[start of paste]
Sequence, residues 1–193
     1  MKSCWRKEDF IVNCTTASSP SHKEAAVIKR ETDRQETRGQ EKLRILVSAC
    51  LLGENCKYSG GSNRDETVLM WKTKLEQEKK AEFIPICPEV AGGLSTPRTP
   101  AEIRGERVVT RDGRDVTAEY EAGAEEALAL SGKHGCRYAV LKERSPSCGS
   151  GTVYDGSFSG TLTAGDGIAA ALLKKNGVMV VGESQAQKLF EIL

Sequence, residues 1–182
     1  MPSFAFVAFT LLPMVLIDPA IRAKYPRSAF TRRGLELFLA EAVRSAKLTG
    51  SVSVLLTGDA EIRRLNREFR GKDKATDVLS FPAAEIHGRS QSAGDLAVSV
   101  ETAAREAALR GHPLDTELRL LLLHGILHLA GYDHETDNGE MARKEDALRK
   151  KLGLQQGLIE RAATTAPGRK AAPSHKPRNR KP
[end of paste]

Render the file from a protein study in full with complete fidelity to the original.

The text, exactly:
Sequence, residues 1–193
     1  MKSCWRKEDF IVNCTTASSP SHKEAAVIKR ETDRQETRGQ EKLRILVSAC
    51  LLGENCKYSG GSNRDETVLM WKTKLEQEKK AEFIPICPEV AGGLSTPRTP
   101  AEIRGERVVT RDGRDVTAEY EAGAEEALAL SGKHGCRYAV LKERSPSCGS
   151  GTVYDGSFSG TLTAGDGIAA ALLKKNGVMV VGESQAQKLF EIL

Sequence, residues 1–182
     1  MPSFAFVAFT LLPMVLIDPA IRAKYPRSAF TRRGLELFLA EAVRSAKLTG
    51  SVSVLLTGDA EIRRLNREFR GKDKATDVLS FPAAEIHGRS QSAGDLAVSV
   101  ETAAREAALR GHPLDTELRL LLLHGILHLA GYDHETDNGE MARKEDALRK
   151  KLGLQQGLIE RAATTAPGRK AAPSHKPRNR KP